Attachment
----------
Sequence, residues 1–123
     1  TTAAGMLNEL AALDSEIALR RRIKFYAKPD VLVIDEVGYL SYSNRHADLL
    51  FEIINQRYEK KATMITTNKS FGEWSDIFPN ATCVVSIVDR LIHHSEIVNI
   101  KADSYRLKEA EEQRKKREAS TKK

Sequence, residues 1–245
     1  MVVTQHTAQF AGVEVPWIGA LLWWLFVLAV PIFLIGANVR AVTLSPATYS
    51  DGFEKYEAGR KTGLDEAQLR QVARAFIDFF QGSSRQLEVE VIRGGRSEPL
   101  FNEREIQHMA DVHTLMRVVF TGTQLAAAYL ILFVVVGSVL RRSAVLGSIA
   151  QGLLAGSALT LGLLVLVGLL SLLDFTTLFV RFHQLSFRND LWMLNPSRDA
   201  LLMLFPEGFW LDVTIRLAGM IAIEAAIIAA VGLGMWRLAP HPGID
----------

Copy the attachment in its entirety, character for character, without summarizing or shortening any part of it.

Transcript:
Sequence, residues 1–123
     1  TTAAGMLNEL AALDSEIALR RRIKFYAKPD VLVIDEVGYL SYSNRHADLL
    51  FEIINQRYEK KATMITTNKS FGEWSDIFPN ATCVVSIVDR LIHHSEIVNI
   101  KADSYRLKEA EEQRKKREAS TKK

Sequence, residues 1–245
     1  MVVTQHTAQF AGVEVPWIGA LLWWLFVLAV PIFLIGANVR AVTLSPATYS
    51  DGFEKYEAGR KTGLDEAQLR QVARAFIDFF QGSSRQLEVE VIRGGRSEPL
   101  FNEREIQHMA DVHTLMRVVF TGTQLAAAYL ILFVVVGSVL RRSAVLGSIA
   151  QGLLAGSALT LGLLVLVGLL SLLDFTTLFV RFHQLSFRND LWMLNPSRDA
   201  LLMLFPEGFW LDVTIRLAGM IAIEAAIIAA VGLGMWRLAP HPGID